Thursday, July 7, 2011


Still no workout yet. I forgot how easy it is to get out of a routine. Luckily I do not work Fridays and there will be nothing to stop me from a hard UBWO tomorrow. This heat is hurting my desire to run. yesterday it was 103f (39.4c) and today the high is 101 and 99 is the lowest temp in the 10 day forecast, it must be July (feels like August). I know I should run around 5am when it is a cool 79-80f (26c) degrees or just hit the treadmill at the gym. 19-20 days is the longest I have done with no workout since 2008. I did my weekly Thursday morning log in my spreadsheet and I am up 3 pound of fat my last log on 6/16. I am not looking for sympathy I am more doing a state of the union of my fitness world.

Anyone want to critique my diet yesterday? Please note it is Paleo

Eggs, spinach, mushroom, and tomato baked

Pot Roast, Banana Chips, Guacamole

Beef Jerky

Beef, sweet potato, onion, garlic Stew
(I passed on the wine offered)

I found this on a crossfit forum regarding Milk and Paleo:

Are human beings really the only the animal on the planet that requires the milk designed for another species' baby in order to be healthy?

We know that genetically we have changed very little in the last 100,000 years. We also know that it is only in the last 10,000 years that we have domesticated cattle and started drinking their milk. So we know that we have not evolved to drink milk, but is it good for us?

According to Eileen Kennedy of the US Department of Agriculture, “There's nothing against vegetable sources of calcium, but we have to fashion healthful eating around current habits". In other words we can get all the calcium we need from vegetables, but it is easier to get people to drink milk than to eat vegetables.

Although milk's calcium and other nutrients do promote bone growth, confirms Dr. T. Colin Campbell, PhD, nutritional biochemist at Cornell University, other substances in dairy foods (certain proteins and especially sodium) actually leach some calcium from bone.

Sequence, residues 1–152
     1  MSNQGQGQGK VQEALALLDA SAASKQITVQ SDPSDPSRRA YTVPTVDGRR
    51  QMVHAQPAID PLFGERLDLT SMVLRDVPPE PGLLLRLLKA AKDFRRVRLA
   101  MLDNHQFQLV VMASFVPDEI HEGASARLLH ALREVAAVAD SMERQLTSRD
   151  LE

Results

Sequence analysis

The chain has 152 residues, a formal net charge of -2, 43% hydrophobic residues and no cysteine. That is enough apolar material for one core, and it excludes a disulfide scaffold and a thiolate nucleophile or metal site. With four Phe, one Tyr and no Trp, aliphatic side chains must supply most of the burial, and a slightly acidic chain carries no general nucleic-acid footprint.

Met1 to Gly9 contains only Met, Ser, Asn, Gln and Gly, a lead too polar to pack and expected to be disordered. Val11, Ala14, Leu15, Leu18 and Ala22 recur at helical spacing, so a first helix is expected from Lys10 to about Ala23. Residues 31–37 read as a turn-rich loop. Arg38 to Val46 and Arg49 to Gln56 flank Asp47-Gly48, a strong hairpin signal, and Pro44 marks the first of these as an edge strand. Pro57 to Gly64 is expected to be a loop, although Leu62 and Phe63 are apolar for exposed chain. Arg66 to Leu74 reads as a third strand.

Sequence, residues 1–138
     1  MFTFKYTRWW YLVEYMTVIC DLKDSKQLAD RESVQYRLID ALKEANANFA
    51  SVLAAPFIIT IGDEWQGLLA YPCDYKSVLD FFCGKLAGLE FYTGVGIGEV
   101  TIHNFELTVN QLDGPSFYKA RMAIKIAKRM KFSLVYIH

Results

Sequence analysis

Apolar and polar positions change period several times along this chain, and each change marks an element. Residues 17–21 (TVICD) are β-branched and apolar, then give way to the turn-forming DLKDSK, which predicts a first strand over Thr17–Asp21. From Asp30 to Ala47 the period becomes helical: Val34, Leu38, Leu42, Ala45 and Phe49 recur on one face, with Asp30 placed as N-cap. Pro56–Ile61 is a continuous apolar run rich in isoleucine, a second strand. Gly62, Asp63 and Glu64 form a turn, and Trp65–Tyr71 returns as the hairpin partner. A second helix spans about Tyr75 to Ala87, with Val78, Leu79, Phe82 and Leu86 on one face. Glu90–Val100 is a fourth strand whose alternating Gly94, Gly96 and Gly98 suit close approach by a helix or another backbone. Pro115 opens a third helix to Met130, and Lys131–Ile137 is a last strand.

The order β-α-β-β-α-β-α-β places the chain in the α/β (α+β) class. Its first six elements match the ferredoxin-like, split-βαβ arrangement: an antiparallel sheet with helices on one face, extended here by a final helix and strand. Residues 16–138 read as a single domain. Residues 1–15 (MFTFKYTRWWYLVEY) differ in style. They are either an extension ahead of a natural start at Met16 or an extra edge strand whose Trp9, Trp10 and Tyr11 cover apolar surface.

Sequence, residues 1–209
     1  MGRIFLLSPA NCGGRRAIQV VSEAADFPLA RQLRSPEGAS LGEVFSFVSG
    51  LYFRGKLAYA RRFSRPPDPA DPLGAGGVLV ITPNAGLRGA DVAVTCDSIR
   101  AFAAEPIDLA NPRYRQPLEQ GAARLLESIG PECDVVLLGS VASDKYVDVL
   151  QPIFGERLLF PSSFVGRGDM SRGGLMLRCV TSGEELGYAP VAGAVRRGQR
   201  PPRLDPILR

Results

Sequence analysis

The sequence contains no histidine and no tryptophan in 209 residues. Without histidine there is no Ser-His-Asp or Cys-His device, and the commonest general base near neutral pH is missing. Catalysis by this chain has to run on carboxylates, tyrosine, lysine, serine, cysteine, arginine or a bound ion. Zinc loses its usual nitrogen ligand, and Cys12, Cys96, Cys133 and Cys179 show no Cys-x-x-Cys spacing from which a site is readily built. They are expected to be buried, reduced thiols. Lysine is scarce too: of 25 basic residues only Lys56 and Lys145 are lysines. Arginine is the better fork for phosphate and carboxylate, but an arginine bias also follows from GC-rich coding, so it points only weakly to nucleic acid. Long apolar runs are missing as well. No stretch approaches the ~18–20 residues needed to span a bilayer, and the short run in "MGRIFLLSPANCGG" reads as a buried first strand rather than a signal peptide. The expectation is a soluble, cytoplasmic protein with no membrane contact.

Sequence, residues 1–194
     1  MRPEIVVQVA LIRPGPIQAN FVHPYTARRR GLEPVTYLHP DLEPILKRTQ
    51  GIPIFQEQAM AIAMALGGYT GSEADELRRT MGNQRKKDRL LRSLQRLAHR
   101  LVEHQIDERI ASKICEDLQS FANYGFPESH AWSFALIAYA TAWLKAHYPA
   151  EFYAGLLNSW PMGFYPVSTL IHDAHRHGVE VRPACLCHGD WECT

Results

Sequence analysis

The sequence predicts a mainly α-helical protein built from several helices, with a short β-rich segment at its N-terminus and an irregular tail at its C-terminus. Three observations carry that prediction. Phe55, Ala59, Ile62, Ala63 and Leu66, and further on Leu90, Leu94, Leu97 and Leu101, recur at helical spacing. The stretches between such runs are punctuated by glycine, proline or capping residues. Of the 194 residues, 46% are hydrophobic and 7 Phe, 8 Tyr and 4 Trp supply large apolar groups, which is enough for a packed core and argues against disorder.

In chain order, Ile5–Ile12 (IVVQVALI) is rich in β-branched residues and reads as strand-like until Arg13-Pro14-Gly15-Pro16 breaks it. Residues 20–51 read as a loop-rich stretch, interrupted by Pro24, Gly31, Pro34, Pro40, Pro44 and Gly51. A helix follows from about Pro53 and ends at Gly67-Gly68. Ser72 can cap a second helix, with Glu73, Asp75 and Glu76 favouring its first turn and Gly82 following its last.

Perhaps this explains why a 12 year Harvard Nurses Health involving 78,000 nurses found that those who drank the most milk(two or more glasses per day) had a slightly higher risk of arm fracture (5 per cent increase) and significantly higher risk of hip fracture (45% increase).

It may also explain the disparities between calcium intake and bone health that can be seen worldwide. People in countries that consume the highest levels of dairy foods (North American and northern European nations) take in two or three times more calcium, yet break two or three times more bones than people with the lowest calcium intake (Asians and Africans). Epidemiological research suggests a correlation between milk consumption and at least two kinds of cancer prevalent in Europe and North America:breast and prostate.

In the US Physician's Health Study, researchers tracked 20,885 male doctors over 10 years. Those who consumed at least two and a half servings of dairy food per day were 30 per cent more likely to develop prostate cancer than doctors who consumed less than half a serving.

Dr Brett Hill's top 5 tips for ensuring good bone health

1. Regular resistance exercise. Research has shown that exercise plays a larger role in bone density than dietary changes.

2. Reduce your stress levels, stress can cause calcium to be leached out of your bones.

3. Eat plenty of salmon. Salmon has a high level of calcium.

4. Eat plenty of vegetables, especially leafy green vegetables. They also contain plenty of calcium.

5. Be wary of acid producing foods, such as processed carbohydrates and soft drinks. The high acid levels created cause calcium to be leached out of the bones to neutralise it.

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